Wednesday, March 13, 2013

Community Psychology’s Role in Preserving Culture and Improving Life

Volume 2, Number 3                            March, 2013

THEory into ACTion
A Bulletin of New Developments in Community Psychology Practice 

Community Psychology’s Role in Preserving Culture and Improving Life
By Michael Lemke

One of the strengths of Community Psychology is its wide-reaching applicability.  The skills, tools, and values held by many practicing Community Psychologists allow for fruitful engagement and collaboration with any number of communities, regardless of cultural background.  The work of Dr. Jordan Lewis with the Denali Center in Fairbanks, Alaska is a prime example of the broad usefulness of Community Psychology approaches.  For nearly two years now, Dr. Lewis has worked with the Denali Center, which is a long-term care facility with a high proportion of Alaska Native residents.  Among these Alaska Natives are elders from various tribal and rural communities across the entire state.

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Because of the rich cultural heritage among residents of the Denali Center, Dr. Lewis has worked with staff to collect and digitize stories, videos, documentaries, and languages to make available for Alaska Native residents.  In an effort to meet the technological demand for this work, he used funds provided through the SCRA Mini-Grant program to purchase vital technology, including a large touch-screen desktop computer that is used to store the digital materials collected through this project.  Soon these materials will be sorted and placed in folders based on Alaska Native cultural group on this computer, thus allowing residents to engage the stories, videos, songs, and live stream cultural activities of their group.  These partners are also developing a manual consisting of cultural protocols, native food recipes, and cultural information which will be used both in the skilled nursing facility and in other facilities in the state which serve Native elders.  This collaboration continues to work on other projects aimed at enhancing the availability of cultural resources at the Denali Center as well.

Vital to the success of projects initiated by this collaboration are the use of Community Psychology principles and tools, including being open to true collaboration, sharing ideas, and using a community-based participatory research framework.  The approach taken by Dr. Lewis includes a healthy dose of humility, as he believes that he can learn as much from his community partners as they can learn from him, as well as that executing a successful project relies on involving stakeholders who are the most affected by the project, as they best understand their own contexts and communities.  Finally, results are always brought back to the community to solicit their input and feedback, and findings are never presented without first being both approved by and reflective of the communities and their elders to which they pertain.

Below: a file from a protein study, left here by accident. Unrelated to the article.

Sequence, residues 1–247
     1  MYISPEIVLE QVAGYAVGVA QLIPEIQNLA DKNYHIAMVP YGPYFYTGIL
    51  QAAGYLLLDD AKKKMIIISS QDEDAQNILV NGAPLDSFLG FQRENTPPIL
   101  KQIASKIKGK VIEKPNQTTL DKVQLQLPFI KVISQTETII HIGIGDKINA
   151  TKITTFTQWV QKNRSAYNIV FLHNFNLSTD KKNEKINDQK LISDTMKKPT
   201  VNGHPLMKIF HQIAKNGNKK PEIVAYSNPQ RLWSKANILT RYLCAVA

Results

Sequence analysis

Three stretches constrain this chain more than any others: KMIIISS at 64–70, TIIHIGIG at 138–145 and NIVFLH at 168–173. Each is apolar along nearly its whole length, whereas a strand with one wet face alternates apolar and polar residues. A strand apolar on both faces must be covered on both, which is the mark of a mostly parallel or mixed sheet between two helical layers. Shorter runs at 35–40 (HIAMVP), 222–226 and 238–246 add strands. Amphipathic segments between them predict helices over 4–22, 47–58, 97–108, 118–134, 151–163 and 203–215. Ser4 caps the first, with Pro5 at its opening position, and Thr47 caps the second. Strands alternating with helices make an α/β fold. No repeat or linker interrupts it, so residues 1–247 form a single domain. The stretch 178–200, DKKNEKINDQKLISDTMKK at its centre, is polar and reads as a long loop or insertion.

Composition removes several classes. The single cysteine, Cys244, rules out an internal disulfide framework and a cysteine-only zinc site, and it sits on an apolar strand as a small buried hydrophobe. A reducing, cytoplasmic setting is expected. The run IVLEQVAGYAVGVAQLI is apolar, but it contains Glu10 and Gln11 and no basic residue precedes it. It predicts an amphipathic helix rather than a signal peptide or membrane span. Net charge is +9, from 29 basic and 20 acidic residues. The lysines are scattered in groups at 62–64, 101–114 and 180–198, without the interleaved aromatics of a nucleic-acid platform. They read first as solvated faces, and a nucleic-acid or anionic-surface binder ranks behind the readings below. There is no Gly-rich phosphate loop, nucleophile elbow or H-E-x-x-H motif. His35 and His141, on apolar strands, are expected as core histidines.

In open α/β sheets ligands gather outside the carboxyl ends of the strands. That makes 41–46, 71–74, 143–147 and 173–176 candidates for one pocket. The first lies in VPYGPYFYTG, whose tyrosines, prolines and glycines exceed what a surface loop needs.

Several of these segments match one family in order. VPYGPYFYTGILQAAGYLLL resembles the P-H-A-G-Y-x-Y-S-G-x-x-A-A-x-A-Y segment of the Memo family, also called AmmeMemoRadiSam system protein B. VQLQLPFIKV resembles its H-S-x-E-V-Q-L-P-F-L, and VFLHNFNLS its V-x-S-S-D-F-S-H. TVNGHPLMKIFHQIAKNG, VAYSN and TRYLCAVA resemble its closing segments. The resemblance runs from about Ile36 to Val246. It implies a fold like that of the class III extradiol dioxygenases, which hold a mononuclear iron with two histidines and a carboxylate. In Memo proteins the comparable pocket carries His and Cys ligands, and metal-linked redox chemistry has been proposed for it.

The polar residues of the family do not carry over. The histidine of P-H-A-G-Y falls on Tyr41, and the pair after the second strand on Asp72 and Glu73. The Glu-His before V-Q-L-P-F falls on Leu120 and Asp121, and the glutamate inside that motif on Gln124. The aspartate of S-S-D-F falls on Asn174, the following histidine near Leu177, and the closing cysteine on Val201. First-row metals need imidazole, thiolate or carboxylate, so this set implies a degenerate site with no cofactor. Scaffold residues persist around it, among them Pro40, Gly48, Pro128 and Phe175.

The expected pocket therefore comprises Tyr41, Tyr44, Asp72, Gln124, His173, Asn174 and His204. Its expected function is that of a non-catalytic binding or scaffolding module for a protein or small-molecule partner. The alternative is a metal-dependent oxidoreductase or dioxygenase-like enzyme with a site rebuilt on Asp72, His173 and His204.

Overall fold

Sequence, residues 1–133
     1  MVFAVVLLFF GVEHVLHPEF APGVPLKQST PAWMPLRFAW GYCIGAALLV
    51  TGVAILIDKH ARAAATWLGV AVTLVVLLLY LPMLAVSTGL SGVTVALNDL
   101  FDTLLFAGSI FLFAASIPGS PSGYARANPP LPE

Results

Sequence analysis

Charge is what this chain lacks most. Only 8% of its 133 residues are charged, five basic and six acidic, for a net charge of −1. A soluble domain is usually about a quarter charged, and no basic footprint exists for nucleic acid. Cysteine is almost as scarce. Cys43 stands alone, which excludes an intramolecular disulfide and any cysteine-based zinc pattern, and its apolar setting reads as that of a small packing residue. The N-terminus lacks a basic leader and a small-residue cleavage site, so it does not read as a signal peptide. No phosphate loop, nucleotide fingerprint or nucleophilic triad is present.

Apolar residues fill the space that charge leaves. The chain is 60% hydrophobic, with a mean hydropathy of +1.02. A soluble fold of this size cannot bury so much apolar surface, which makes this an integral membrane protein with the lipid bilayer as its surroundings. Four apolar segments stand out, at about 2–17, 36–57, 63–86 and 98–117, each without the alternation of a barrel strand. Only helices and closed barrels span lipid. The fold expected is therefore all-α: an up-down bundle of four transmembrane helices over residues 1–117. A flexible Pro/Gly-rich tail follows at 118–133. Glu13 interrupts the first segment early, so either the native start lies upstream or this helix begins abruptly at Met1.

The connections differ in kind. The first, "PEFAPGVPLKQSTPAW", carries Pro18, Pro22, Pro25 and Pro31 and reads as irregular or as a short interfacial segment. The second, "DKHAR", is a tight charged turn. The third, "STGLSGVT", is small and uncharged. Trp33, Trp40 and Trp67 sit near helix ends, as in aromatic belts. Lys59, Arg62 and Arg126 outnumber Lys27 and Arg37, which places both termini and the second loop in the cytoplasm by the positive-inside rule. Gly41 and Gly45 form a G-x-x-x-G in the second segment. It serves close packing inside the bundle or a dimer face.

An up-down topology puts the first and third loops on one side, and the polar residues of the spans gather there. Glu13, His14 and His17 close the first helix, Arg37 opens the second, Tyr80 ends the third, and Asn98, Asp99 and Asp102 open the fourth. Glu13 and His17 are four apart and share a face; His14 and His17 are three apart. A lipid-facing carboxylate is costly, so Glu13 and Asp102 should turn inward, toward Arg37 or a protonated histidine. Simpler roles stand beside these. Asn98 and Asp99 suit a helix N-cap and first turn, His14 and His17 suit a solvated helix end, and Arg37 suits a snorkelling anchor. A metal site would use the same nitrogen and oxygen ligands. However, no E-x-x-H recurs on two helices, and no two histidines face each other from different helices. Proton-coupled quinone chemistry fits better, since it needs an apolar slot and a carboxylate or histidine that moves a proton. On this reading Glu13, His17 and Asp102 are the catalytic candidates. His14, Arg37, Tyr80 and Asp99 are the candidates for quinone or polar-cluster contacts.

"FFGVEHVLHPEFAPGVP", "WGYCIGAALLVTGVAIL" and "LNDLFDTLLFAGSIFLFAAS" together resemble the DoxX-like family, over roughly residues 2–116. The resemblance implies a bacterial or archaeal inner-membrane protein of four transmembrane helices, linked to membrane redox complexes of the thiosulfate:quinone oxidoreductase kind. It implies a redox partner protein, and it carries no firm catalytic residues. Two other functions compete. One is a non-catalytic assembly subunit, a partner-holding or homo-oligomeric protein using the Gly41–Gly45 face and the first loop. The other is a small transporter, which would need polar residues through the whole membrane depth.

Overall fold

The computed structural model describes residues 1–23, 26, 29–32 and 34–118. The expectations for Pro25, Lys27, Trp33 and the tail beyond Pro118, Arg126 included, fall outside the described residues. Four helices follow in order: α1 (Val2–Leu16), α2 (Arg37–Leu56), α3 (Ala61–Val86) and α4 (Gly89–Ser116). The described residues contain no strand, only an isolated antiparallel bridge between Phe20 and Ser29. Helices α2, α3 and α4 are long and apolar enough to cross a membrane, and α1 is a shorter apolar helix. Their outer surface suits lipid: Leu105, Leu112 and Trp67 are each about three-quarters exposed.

Through this collaborative effort, the partners involved on this project have developed a “trusting and open working relationship,” where staff and the social worker at the Denali Center have come to trust him and seek his assistance on other projects.  It is not that this work is without difficulties, however.  One challenge for Dr. Lewis is disengagement, which is mitigated in this collaboration through teaching Community Psychology skills to community partners and showing them how to develop sustainability in a project.  Another major challenge is finding the time, as often times stakeholders may be extremely busy, thus presenting a challenge in keeping the project moving forward.  This is mitigated by helping community partners to prioritize needs in the hopes of keeping the momentum of these projects going forward.

The success of this partnership has been noteworthy, including being published in the Provider Magazine and presented at the Annual Tribal Long Term Care Conference in Denver.  However, for Dr. Lewis, what is most fulfilling is being able to witness tribal communities successfully applying what they have learned from this collaboration to take action, such as securing grants and developing new programs or services.  He truly believes it is an honor for him to have the opportunity to work with community partners who are healthy, dedicated, and engaged – three attributes that all Community Psychologists themselves desire.  Perhaps just as important, he has come to value the relationships that have emerged from this work, finding great joy in returning to these communities and sharing in the excitement of these reunions.  “It is an incredible feeling to see them smile and engage you in questions and dialogue about the project,” says Dr. Lewis, “and you feel they trust you a little more with their stories and experiences.”

This is part of a series of bulletins highlighting the use of community psychology in practice. Comments, suggestions, and questions are welcome. Please direct them to Bill Berkowitz at  

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